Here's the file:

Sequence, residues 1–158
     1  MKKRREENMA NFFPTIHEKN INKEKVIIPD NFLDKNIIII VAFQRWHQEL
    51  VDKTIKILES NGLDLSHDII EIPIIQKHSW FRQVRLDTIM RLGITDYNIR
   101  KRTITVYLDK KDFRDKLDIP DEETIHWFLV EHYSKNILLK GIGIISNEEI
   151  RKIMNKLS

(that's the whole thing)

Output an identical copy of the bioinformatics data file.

Sequence, residues 1–158
     1  MKKRREENMA NFFPTIHEKN INKEKVIIPD NFLDKNIIII VAFQRWHQEL
    51  VDKTIKILES NGLDLSHDII EIPIIQKHSW FRQVRLDTIM RLGITDYNIR
   101  KRTITVYLDK KDFRDKLDIP DEETIHWFLV EHYSKNILLK GIGIISNEEI
   151  RKIMNKLS